A Spreadsheet Model for Viral Growth

I worked with two companies in the past month that needed a way to model viral adoption as part of their effort to understand the impact of a strategic decision to deliver part or all of their technology under an opensource license. Having such model enables them to understand the critical variables and success-factors, set targets for them and then measure as they embark on their strategies.

I set out to make a generic model that can at once be used at both companies. Hoping it may be of use to others as well, I will publish it here. I had much benefit from articles published by David Skok and Andrew Chen and try to use their terms and insights as much as possible.

The basic assumption for viral growth is that every new user of a product becomes an ambassador for that product and will convert others to start using that product as well. There are two variables that allow you to create a model for viral growth:

  1. Viral Coefficient: the total number of new users generated by an existing user
  2. Viral Cycle Time: the amount of time it takes before all these new users have been generated

Viral growth can happen in many ways, from word-of-mouth, to active solicitation and anything in between. This model makes no assumptions about that, it just measures the results. Here is an example in which the unit of time is set in weeks, the starting number of users is 1000, the viral coefficient is .3 and the cycle time is 3 weeks:

Freemium Model (01)

The model reflects that the viral impact starts in the first period (week) after a user has started using a product and lasts throughout the duration of the cycle. If new users join in the first week, they start working their viral magic in the week after that. So, the 1,000 users in week zero will deliver 300 new users (coefficient is .3) over 3 weeks (cycle time is 3), or 100 new users in week 1, 2 and 3. The 100 new users in week 1 deliver 0.3*100=30 new users,  10 in the weeks 2, 3 and 4. The 110 new users in week 2 deliver 33 more users, and so forth.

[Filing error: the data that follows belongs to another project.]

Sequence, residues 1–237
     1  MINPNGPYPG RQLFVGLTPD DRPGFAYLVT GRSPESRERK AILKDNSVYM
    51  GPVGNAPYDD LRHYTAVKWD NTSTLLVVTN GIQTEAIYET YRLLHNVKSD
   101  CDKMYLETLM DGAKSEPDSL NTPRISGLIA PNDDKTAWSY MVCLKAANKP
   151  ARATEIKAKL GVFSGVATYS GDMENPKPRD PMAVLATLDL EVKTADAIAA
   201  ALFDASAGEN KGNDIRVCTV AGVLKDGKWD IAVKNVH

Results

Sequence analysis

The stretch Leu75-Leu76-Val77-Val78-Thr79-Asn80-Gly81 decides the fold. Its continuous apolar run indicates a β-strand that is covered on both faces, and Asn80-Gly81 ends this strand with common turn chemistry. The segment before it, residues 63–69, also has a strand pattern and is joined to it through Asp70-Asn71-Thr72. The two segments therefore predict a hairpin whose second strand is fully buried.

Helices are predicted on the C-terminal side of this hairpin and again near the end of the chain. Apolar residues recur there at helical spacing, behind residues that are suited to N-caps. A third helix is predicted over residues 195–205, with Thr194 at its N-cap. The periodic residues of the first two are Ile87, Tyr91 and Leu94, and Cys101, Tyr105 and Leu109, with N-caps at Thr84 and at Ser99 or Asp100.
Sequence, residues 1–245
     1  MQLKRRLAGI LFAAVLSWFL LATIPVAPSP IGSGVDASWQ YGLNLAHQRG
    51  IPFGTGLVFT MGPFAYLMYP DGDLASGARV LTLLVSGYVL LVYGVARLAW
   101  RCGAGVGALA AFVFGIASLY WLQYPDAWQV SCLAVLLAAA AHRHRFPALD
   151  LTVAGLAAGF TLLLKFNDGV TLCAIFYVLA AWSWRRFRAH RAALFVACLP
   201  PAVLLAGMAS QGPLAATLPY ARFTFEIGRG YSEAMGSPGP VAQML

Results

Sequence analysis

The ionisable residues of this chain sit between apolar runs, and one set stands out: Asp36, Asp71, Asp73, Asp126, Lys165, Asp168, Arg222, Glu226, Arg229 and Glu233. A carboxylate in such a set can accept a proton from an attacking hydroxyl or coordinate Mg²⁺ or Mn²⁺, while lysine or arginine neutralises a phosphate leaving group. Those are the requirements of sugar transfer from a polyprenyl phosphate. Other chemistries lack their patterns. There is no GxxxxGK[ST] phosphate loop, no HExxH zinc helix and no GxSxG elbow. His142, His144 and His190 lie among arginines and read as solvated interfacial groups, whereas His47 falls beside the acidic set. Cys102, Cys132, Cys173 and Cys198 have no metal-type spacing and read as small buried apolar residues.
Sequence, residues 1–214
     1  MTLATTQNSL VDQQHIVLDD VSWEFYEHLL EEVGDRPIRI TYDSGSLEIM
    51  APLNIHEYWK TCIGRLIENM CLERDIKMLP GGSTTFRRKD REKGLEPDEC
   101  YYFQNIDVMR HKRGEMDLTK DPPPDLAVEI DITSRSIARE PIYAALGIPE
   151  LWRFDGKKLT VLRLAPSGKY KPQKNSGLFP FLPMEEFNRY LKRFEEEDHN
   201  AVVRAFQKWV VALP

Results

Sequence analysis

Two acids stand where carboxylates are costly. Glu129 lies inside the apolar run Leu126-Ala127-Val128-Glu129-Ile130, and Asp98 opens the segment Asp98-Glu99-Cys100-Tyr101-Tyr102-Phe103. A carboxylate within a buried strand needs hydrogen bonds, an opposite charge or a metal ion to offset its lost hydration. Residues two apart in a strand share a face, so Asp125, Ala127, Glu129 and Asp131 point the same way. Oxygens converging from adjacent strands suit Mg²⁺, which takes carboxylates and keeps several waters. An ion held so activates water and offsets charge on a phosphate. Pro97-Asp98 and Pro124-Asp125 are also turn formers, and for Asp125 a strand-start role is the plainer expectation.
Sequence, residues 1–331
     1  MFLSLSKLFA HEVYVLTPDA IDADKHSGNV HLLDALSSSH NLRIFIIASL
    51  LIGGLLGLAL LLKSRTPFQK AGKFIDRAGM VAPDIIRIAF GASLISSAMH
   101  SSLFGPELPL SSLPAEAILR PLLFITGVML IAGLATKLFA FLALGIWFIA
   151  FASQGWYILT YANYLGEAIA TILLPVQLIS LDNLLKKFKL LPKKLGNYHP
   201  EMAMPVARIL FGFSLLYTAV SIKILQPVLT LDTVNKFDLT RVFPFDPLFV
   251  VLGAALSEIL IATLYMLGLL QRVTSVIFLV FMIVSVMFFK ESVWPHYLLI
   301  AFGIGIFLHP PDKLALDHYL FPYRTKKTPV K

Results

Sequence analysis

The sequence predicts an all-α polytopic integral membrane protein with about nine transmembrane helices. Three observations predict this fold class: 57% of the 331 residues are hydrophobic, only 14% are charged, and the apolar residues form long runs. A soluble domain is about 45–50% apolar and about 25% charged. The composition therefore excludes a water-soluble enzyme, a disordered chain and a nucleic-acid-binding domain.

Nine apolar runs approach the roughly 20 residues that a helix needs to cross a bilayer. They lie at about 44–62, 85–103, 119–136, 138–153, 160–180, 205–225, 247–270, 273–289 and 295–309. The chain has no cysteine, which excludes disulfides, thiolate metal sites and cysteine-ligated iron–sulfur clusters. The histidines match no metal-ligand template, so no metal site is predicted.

As the coefficient is less than 1 in this case, the number of new users per week trends to zero over time. If the coefficient is 1 or larger, the viral engine will keep on giving.

The pattern for the number of new users per week (in C15:L15) is that each number is equal to the sum of the numbers of the previous three weeks, multiplied with the viral coefficient and then divided by the viral cycle time. In the next image you can see how that pattern is turned into a spreadsheet formula:

Freemium Model (02)

The formula in cell H24 is:

=SUMIF($B23:G23,”>=”&(H23-$B$20),$B24:G24)*$B$19/$B$20

This formula defines the range of values that can be summarized as *all* previous weeks ($B24:G24), but only includes the numbers in the weeks for which the week number is 3 or larger (columns E, F and G).

Viral Formula Excel Model (Click to download)

You can download the Excel spreadsheet with this model (see above). I have also published the model as a Google Spreadsheet. Take a look and play with the values for Viral Coefficient and Viral Cycle Time, to see how they impact the growth of your user base. To inspect the formulas, select a cell and then hover the mouse over the formula area on the right bottom of the browser window.

In the next entries I will add further metrics to this model that have an impact on viral distribution.

3 thoughts on “A Spreadsheet Model for Viral Growth”

  1. This is awesome. I deal a lot with social media and try to explain the benefits of viral communication to different Silicon Valley companies. I would love to throw a chart like this in there.

    There's so much potential with viral adoption. It's exciting.

  2. Hi Craig,

    Happy that this is useful to you. Feel free to use these charts, that is why they are here.

    Mark

  3. Cool Mark,

    Since Jurvetson defined this formula way back it’s been my go-to formula for calculating viral growth. When I build a viral growth product, I code my product to measure the two key factors you mention (fan out, and propagation delay), and then plug those values into the spreadsheet to see when my tipping point is going to happen. Fascinating to see the effect that small changes in these two factors make.

    Often these two factors can be improved by making the right feature changes. With real user measurement in place, I can validate whether or not my feature changes improve these factors, and then recalculate when my tipping point will happen. Then you can explode in 6 months as opposed to waiting 18 months.

    David

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